Amanda Knox's Countdown to Yet Another Verdict

PHOTO: Amanda Knox is seen, May 1, 2013, in New York City.
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Anxiety has set in for American student Amanda Knox as she waits for the fourth time in six years for an Italian court to decide whether she is guilty or innocent of killing her roommate Meredith Kercher.

Knox has remained at home in Seattle because she feared she would be "wrongly convicted" and arrested, but despite the relative safety the tension has been heightened by the prosecutor who sought to increase Knox's prison sentence if she is convicted and urged the judge to request her immediate arrest.

Two judges and eight jurors will deliberate Thursday in Florence after final rebuttals by Knox's legal team and a verdict and a sentence is expected to come sometime in the "late evening" on Thursday.

While Knox, 26, won't be present, Kercher's sister and brother have said they will be in court to hear the decision.

Knox and her former Italian boyfriend, Raffaele Sollecito, were convicted in 2009 of the 2007 murder of Kercher in the cottage the women shared in Perugia. The prosecutor at the time said the murder was the result of a sex game gone awry.

That verdict was overturned in 2011 after Knox had spent four years in prison. But Italy's Supreme Court ordered an appeals court to review the case and that court will render its verdict this week.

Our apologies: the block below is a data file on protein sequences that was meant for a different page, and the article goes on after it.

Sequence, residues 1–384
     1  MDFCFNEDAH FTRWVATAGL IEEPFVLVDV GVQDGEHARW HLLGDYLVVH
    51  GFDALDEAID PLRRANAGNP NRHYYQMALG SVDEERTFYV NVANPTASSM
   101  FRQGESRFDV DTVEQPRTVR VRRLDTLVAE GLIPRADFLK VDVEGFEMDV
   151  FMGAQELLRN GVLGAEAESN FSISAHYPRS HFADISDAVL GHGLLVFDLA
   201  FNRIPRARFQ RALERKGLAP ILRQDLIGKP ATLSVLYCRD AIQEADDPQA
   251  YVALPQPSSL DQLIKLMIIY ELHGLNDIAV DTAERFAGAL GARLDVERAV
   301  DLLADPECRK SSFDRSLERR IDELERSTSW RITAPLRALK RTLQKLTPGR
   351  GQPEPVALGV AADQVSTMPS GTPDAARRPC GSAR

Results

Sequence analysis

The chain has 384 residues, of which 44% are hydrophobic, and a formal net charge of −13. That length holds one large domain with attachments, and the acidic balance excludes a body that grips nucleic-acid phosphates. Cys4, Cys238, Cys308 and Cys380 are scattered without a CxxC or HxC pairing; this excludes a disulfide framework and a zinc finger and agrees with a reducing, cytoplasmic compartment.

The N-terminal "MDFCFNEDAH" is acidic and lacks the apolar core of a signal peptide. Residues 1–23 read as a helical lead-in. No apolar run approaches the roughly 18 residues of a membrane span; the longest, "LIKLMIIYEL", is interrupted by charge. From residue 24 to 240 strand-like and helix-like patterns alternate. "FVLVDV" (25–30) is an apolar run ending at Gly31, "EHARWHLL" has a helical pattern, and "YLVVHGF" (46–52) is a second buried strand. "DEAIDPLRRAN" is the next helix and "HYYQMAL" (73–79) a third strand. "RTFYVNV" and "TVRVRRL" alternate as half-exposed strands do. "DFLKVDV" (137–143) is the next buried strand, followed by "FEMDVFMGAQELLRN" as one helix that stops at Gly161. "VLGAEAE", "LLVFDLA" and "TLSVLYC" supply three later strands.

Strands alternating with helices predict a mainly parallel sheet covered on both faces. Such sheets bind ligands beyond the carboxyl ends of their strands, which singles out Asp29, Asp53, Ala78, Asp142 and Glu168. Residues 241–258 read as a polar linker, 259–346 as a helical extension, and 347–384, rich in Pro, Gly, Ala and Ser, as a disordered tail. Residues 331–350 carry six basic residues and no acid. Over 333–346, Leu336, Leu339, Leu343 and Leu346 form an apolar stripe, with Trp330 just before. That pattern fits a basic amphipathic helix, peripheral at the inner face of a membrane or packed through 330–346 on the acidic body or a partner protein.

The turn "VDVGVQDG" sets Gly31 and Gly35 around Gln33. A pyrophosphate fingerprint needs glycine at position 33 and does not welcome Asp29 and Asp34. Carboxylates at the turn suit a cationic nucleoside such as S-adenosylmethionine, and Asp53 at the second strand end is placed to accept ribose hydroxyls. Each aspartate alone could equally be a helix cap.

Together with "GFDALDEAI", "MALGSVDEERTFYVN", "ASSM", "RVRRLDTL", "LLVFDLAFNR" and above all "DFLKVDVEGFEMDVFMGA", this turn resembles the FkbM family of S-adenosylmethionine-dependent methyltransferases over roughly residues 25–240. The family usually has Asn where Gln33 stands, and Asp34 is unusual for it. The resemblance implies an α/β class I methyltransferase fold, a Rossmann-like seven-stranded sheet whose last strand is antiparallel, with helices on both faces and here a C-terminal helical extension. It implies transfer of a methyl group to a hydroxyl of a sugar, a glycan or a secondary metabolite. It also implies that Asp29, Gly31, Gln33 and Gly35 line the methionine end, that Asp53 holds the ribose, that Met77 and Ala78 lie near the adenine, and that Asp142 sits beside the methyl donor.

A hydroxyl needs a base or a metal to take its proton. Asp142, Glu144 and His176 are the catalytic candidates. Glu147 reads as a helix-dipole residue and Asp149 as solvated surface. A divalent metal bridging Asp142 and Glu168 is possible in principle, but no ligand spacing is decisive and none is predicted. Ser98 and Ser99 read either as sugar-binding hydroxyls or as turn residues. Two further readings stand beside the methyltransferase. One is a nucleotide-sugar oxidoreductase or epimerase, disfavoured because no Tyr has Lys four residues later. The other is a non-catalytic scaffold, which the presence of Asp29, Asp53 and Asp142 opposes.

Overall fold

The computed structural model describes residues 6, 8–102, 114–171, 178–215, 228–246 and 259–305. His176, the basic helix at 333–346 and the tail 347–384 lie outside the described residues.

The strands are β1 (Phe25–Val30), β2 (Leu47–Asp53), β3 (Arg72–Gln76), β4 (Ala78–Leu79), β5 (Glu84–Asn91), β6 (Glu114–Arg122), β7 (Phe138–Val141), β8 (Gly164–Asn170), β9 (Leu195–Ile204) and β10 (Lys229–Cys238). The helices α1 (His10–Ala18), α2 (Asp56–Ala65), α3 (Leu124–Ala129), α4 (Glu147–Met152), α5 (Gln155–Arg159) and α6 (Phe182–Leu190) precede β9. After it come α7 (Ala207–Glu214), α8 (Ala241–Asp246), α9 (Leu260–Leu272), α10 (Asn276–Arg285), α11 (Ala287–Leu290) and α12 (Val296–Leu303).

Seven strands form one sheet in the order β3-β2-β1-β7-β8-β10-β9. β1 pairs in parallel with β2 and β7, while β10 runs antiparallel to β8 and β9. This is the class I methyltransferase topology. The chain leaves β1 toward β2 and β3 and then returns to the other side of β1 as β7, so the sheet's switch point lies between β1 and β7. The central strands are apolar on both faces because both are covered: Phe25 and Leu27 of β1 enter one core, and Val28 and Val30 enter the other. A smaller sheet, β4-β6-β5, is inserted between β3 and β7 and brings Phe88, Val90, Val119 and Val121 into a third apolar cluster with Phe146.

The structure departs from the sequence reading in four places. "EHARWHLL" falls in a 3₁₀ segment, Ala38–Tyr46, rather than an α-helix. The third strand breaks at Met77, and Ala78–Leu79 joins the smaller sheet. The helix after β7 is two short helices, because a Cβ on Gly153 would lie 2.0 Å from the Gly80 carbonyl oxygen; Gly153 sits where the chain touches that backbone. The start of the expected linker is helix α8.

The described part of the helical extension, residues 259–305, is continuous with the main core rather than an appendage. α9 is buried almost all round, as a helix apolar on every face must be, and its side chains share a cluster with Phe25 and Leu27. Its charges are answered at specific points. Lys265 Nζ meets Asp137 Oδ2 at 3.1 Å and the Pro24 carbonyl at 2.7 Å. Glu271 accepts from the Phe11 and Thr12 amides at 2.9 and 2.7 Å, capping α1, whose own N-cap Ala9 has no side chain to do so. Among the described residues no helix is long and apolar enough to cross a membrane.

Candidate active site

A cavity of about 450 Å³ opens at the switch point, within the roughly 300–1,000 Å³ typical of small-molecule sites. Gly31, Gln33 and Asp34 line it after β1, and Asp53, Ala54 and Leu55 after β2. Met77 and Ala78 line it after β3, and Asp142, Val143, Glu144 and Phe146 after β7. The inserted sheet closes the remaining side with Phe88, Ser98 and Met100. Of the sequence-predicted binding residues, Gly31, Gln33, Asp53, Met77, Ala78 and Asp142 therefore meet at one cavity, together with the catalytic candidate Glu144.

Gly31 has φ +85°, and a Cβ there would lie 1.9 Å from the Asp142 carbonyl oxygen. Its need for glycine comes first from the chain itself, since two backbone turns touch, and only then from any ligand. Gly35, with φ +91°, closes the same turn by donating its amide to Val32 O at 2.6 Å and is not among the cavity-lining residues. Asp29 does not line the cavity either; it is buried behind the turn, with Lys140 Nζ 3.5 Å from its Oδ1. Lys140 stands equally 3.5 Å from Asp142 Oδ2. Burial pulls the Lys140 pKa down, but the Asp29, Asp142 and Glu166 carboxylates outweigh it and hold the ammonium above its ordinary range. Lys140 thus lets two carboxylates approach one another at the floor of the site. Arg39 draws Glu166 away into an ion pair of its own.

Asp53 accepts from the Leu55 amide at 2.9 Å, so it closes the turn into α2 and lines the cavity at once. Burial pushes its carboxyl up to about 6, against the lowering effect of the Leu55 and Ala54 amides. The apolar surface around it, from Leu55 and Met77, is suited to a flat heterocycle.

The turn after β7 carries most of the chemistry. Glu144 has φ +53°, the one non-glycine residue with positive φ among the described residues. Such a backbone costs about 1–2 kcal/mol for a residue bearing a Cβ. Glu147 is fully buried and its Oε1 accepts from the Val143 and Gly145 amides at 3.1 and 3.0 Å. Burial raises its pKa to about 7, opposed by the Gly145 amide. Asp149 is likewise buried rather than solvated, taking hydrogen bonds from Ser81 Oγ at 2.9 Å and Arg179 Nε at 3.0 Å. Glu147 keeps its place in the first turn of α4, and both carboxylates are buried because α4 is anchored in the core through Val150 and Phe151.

Knox's lawyers Carlo Dalla Vedova and Luciano Ghirga told reporters at the last hearing that "she cannot wait to end this nightmare." They said she has followed the trial "step by step" and that she was "very worried" about the outcome.

Sollecito, now 29, will wait for the verdict at his family home in Puglia, southern Italy. His father has said his son is not psychologically able to await the decision in court that day. "He will almost certainly stay at home and has no intention of course of running away."

If prosecutor Alessandro Crini gets his way, Knox and Sollecito will be sentenced to 26 years in prison for murder and her sentence for a related slander conviction would be increased from one year to four years.

Knox has befriended Ryan Ferguson, who was recently released from prison after serving 10 years for a murder he didn't commit. Ferguson told ABCNews.com this week that she is "doing incredibly well considering the circumstances."

"She is very positive and we all believe that justice will prevail and the facts that have proven her innocence will set her free," Ferguson said.

There were only slight changes in the prosecution's case. Crini, a respected soft-spoken man whose style has held the judge and jury's attention, was a sharp contrast to the Perugia prosecutor Giuliani Mignini, a controversial figure.

Crini, in his closing arguments dismissed the motive suggested by Mignini that the murder was the result of a sex-game gone wrong. Instead, Crini argued that it was more likely to have been caused by a series of arguments over cleanliness in the bathroom that Knox and Kercher shared.

Many of the more contested points of the case remain unsolved, leaving many of the experts following the case unsure as to Thursday's outcome. A new wrinkle was the testing of one DNA speck on a knife found in Sollecito's apartment that the prosecution claimed was the murder weapon. The speck had been left untested previously. The DNA turned out to belong to Knox, but that was not seen as surprising she had stayed with Sollecito and could have used the knife for cooking.

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